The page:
Product review: MacBook Air is light as, well, air
Apple's new ultraportable may not be for everyone, but if you want thin, sexy, easy mobility, and decent performance -- and can live without a swappable battery and built-in optical drive -- the Air is the answerFollow @pvenezia
After many years and many laptops, I've finally determined that I ride the periphery in terms of size and function – I like them either really big, or really small. The middle-of-the-road 15-inch standard just isn't for me. Thus, the MacBook Air seemed to be the perfect answer to the lighter side of that spectrum. My 17-inch MacBook Pro easily takes care of the heavyweight end.
[ See also: "MacBook Air migration gyrations" on transferring files and applications to the Air from another Mac. ]
Whether I'm in the mood for a light laptop or a heavy one, I'm never willing to compromise much on performance. Many people reacted to the MacBook Air announcement as though it were terribly underpowered, lacking options, and generally useless as a laptop, thin though it may be. This is of great concern to me, because I tend to push my computers to the breaking point and run them like that for hours on end.
Apart from performance, there are other considerations. The MacBook Air isn't designed to be a desktop replacement system, and it doesn't have desktop-like specs, unlike the MacBook Pro (see Tom Yager’s review, “The best notebook you can buy”) and other 2.4GHz-plus Core 2 Duo laptops on the market. Could I live without a bevy of ports and a DVD drive? Could I use the Air to do real work?
In order to find out, I bought one and used it to write this review. In many ways, the Air has caused me to rethink some of my preconceived notions about what I need from a computer (see my “Deep End” blog post on that topic). While it was very tempting to bite the bullet and get the 64GB SSD (solid state-disk), I opted to save $999 and get the 80GB 4,200-rpm PATA (Parallel ATA) drive, though I did spring for the 1.8GHz Core 2 Duo instead of the base model running at 1.6GHz.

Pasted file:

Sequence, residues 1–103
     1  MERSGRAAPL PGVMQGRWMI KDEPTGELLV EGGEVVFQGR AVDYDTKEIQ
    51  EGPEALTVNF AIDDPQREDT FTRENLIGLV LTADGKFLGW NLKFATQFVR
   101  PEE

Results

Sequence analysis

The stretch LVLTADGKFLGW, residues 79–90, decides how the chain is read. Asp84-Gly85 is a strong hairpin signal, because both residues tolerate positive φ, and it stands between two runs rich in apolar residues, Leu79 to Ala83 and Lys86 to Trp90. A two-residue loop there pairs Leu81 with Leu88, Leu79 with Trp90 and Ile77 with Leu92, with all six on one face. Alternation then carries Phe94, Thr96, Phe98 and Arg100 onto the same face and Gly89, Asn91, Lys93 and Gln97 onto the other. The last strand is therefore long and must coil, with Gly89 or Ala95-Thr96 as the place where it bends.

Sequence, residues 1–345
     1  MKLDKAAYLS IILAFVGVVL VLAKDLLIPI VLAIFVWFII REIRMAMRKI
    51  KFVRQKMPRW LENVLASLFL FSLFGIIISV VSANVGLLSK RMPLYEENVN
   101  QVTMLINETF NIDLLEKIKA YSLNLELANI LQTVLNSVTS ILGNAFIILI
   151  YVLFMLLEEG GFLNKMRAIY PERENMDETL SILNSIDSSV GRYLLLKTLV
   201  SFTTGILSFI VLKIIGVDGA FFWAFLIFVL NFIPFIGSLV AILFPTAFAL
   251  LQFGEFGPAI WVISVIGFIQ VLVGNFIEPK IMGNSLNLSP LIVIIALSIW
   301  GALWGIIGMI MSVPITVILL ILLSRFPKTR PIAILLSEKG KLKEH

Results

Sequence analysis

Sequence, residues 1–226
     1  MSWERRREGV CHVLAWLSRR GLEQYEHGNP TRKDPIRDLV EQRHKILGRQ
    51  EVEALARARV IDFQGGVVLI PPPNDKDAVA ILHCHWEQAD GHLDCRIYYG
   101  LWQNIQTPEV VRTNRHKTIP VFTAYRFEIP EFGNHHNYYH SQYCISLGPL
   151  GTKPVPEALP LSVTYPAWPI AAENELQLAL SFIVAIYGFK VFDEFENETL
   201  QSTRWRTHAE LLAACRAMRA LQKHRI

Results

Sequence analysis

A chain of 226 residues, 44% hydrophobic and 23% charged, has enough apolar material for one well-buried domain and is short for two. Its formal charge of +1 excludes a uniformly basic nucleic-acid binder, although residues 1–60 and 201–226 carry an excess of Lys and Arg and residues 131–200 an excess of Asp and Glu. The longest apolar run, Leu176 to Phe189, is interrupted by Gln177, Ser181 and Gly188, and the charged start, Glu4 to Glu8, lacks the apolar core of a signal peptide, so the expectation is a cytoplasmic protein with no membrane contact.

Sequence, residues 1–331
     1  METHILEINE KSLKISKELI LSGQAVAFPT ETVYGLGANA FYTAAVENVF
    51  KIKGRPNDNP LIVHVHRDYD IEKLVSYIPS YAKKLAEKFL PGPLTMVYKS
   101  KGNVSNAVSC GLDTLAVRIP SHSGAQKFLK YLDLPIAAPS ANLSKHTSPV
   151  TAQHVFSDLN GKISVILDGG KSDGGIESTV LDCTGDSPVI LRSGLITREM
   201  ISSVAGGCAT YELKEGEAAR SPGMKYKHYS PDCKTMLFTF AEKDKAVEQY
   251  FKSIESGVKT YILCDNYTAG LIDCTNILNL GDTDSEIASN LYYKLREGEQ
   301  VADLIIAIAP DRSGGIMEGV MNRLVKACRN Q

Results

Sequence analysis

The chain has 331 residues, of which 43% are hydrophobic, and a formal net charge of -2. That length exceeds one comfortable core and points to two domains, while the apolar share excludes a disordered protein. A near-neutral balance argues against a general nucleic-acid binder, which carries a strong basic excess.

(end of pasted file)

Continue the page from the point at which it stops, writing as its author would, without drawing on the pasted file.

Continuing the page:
"Laptop" as misnomer
It's unfair to classify the MacBook Air as a laptop. It's not, unless you're Mini Me. It's an ultraportable, along the lines of the Sony Vaio TZ, though it has a larger screen than the Vaio. It's also faster and cheaper.
The Air arrives in a box that seems way too small to hold a computer, and yes, it weighs nearly nothing. Several times already, I've thought that my courier bag was empty when in fact it's not. Even with the power cord and a few cables, the bag just looks empty. Though the MacBook Air is small and incredibly light, it's also surprisingly solid. It feels like one piece of metal, and even picking it up by one corner, there's no flexing at all. Now, I'm sure it wouldn't survive a trip down the stairs. But neither would most laptops. Then again, given the Air’s light weight, it might have a better chance than most. Either way, I’m not quite willing to run that test.
Part and parcel to the lithe form factor is the dearth of ports. The Air has only one USB2 port, a power connection utilizing Apple's magnificent MagSafe power connector, a headphone jack, and a mini-DVI (Digital Visual Interface) port for connecting to an external monitor or projector. The Air comes with adapters for both a standard 15-pin SVGA connection and a full-size DVI connection.